You know how I co-authored a book called Marketing in the Round?
Because we’re coming up on its five year anniversary, it’s astounding to me that we are still talking about silos.
Though our customers interact with us in many different channels, many of us still work in silos.
In fact, most organizations are riddled with numerous silos—silos that each have people creating content for your audience that may or may not be part of an integrated communications plan.
That’s a big problem because today’s consumer expects to have a consistent customer experience across a brand’s PR, marketing, and social channels.
(And it makes me want to cry.)
Break Down Existing Silos
That’s why, in 2014, we developed the PESO model.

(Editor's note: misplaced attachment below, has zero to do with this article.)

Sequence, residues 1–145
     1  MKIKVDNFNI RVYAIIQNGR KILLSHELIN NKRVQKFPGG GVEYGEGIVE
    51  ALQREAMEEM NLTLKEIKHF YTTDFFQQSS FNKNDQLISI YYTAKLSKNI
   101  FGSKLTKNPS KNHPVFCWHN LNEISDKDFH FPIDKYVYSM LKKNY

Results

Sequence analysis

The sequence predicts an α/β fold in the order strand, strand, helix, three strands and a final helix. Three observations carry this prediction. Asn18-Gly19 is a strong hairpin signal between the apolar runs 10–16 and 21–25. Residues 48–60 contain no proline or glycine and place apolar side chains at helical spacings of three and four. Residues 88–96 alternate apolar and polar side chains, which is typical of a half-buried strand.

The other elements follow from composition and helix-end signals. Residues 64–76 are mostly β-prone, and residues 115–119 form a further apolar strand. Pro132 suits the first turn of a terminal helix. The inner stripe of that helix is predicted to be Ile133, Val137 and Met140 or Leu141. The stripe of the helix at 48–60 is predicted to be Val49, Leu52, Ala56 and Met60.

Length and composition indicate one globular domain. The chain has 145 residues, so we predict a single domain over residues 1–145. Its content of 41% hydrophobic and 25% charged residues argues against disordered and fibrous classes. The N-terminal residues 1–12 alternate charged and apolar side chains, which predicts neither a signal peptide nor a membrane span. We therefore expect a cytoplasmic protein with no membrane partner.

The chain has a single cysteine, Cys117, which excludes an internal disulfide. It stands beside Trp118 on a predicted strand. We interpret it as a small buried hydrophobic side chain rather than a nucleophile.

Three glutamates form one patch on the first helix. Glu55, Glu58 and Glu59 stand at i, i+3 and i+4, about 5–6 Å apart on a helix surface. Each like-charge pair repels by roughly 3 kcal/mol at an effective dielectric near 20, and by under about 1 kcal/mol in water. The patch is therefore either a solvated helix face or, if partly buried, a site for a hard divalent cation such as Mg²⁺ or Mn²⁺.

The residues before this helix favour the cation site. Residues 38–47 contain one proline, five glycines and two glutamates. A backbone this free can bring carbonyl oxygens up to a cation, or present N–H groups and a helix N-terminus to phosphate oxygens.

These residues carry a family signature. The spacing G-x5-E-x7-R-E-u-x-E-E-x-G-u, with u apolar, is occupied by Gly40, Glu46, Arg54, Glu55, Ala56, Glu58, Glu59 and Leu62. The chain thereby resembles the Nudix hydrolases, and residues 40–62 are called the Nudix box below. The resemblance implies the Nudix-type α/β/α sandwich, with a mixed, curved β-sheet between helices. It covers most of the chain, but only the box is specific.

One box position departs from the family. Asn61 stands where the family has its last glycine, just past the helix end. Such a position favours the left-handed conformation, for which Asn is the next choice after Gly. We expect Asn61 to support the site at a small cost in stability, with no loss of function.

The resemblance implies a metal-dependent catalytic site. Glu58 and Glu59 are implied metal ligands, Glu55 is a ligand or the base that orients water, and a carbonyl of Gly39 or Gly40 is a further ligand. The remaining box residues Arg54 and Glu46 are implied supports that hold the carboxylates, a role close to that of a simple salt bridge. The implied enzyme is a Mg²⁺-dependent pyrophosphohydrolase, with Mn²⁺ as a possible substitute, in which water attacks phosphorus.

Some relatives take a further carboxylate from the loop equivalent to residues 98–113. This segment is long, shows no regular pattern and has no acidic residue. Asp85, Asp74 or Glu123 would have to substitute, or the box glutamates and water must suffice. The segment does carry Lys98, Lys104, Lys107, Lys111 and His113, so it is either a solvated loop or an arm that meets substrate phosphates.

It was developed both as a way to break down the existing silos and to highlight the evolution of the work PR practitioners do.
As it turns out, a successful digital communications program requires all of the media types to be integrated, and for silos to break down.
If you don’t already know the PESO model, let me quickly explain it.
It takes the four media types—paid, earned, shared and owned—and shows how they interact and support one another.
- Paid Media. Paid media, in this case, doesn’t refer to big, fancy commercials and highly creative print ads. In this context we’re talking about social media advertising, sponsored content, and email marketing.
- Earned Media. Earned media is what is also known as publicity or media relations. It’s getting your name in print. Or having a newspaper or trade publication write about you. Or appearing on the noon news to talk about your product. It’s what the PR industry is typically known for, because it’s one of the few tangible things done.